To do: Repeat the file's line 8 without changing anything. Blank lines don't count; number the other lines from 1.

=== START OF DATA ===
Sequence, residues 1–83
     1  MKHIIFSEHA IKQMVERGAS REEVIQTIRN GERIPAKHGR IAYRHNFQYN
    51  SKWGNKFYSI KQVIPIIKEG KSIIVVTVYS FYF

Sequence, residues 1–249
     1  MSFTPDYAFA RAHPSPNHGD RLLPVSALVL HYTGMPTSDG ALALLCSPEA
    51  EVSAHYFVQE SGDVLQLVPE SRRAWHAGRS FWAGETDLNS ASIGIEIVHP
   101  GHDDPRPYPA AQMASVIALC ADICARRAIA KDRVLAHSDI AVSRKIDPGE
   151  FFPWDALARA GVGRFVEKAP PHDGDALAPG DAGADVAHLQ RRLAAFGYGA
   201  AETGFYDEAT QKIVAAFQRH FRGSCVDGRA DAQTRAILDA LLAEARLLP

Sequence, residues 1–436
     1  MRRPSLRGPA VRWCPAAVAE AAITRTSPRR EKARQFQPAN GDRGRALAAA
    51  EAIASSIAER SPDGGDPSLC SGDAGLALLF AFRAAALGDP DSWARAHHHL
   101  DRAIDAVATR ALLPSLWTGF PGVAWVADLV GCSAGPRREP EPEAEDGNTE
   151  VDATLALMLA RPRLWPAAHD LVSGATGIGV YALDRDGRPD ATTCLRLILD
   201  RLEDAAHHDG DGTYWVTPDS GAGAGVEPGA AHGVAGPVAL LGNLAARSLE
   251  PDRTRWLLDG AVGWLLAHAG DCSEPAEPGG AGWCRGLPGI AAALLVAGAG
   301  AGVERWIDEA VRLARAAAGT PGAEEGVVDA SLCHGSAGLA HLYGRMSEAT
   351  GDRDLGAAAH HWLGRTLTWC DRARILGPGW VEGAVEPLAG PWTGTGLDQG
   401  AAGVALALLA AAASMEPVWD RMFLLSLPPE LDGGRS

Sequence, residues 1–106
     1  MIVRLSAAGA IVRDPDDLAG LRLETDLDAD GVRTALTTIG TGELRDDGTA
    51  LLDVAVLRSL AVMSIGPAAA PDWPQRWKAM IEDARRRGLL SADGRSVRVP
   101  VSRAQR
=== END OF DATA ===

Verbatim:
   151  FFPWDALARA GVGRFVEKAP PHDGDALAPG DAGADVAHLQ RRLAAFGYGA